Venice Beach and Pier
You’ll find a two-mile stretch of beach; a lively promenade, called Ocean Front Walk or simply the Strand, that runs parallel to the beach; the outdoor gym Muscle Beach; handball courts; a skateboard plaza; beach volleyball courts; and the Marvin Braude Bicycle Trail (formerly the South Bay Bicycle Path). Ocean Front Walk is lined with touristy shops selling jewelry, hats, and clothing (some have steps and minimal maneuvering space). One store at the north end caught my eye because of the finely detailed metal sci-fi sculptures lined up outside. There are restaurants of every sort, street performers and vendors, tattoo parlors, and beach bums, and all who travel the Strand are on stage. Be advised that numerous marijuana clinics openly solicit customers along the walkway.
Plan to spend the day here taking in the sights, like the enormous bodybuilders who work out at Muscle Beach; or playing basketball, squash, or handball on wheelchair-accessible courts. An information window is on the south side of the Parks and Recreation and police building; an accessible playground is adjacent to it.
At the southern end of the beach is the 1,300-foot Venice Pier. Built in 1963, some 20 years later it was falling to pieces and was scheduled for demolition in 1986. Venice residents rallied to the cause, and after years of perseverance the pier was restored and reopened in 1997. It is fully accessible, including cutouts where you can fish from a wheelchair.
The Strand (Ocean Front Walk)
Trailhead: Northern end: Rose Ave. and Ocean Front Walk
Length: 2-4 total miles
Typical Width: 4 ft. & above
Typical Grade: Level
DescriptionOcean Front Walk begins just west of the Rose Avenue parking lot, but the heart of the activity is farther south, near Winward Avenue, and inland from the Marvin Braude Bike Trail. There are a few places along the walkway where you can connect to various amenities, but other than the raised picnic table by the Rose Avenue parking lot, there are no good spots to just sit on the beach. Navigating the throngs of people who typically crowd the path can, depending on your perspective, be either annoying or fun––to avoid the crowds, get there early. It’s an easy, straight, two-mile walk to Catamaran Street, where the pavement ends a few hundred feet past the pier, yet it can take several hours if you indulge in the various offerings: eating, people-watching, shopping. My favorite stop was the sunken skateboard plaza on the beach (near Market Street, north of the pier), where skateboarders of all ages tested their skills at staying upright. At W. Washington Boulevard, for a few hundred feet the walkway becomes crushed granite before ending at the sand near Catamaran Street.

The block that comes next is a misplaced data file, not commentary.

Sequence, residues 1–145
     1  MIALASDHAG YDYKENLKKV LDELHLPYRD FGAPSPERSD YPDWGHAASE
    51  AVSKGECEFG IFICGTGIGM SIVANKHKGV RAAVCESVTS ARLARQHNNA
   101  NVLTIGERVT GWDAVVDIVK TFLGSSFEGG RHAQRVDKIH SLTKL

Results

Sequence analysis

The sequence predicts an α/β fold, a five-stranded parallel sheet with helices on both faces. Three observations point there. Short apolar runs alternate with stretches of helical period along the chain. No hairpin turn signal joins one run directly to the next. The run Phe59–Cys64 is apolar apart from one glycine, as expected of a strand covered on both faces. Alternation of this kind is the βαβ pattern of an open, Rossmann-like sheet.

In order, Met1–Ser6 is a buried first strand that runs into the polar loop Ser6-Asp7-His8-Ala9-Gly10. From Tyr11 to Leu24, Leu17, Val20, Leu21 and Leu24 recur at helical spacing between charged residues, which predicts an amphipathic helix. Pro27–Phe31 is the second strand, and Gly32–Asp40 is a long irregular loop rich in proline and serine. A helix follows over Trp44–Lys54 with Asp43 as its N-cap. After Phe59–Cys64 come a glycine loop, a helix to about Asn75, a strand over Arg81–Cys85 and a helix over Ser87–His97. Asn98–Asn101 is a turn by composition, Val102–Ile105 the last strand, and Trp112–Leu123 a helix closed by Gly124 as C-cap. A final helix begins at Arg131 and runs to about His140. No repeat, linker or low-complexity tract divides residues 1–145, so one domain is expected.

Heading back north, as you get closer to Rose Avenue, you can catch sight of Santa Monica Pier about 1.5 miles away. Several hundred feet past the Rose Street parking lot, Ocean Front Walk merges with the bike path, which you can follow on to Santa Monica.
The facilities listed below meet all of our access criteria unless otherwise noted.
Beach Wheelchair: YesCall (310) 939-0000 (Mon.-Fri.) or (310) 864-3717 (Sat.-Sun.)
to request a beach wheelchair, or flag down someone at the main lifeguard station near the southwest corner of the parking lot along Ocean Front Walk south of Venice Blvd. The lot that serves this facility is posted no entrance, but we were told otherwise and were able to get a wheelchair after asking several people.
Accessible Parking: YesVehicles with a disabled placard can park for free in the beach parking lots at the foot of both Rose Ave. and W. Washington Blvd. These fill up quickly during the summer and on weekends. Street parking is difficult close to the beach.
Accessible Restroom: YesAt the parking lots at Rose St. and Washington Ave., and on Ocean Front Walk at 17th Ave., Brooks Ave., and Horizon.
Features icon key
- Beach Wheelchairs Available
- particularly good for families
|Managing Agency:||Los Angeles County Department of Beaches and Harbors|
|Address:||Venice Blvd. at Ocean Front Walk|
|Hours:||Beach: 5 am-10:30 pm. Ocean Front Walk has a midnight curfew.|
|Dogs:|| In restricted areas|
No dogs on beach; must be on leash on Ocean Front Walk
|Public Transportation:||LA Metro|
Reviewed by Bonnie Lewkowicz, April 16, 2013
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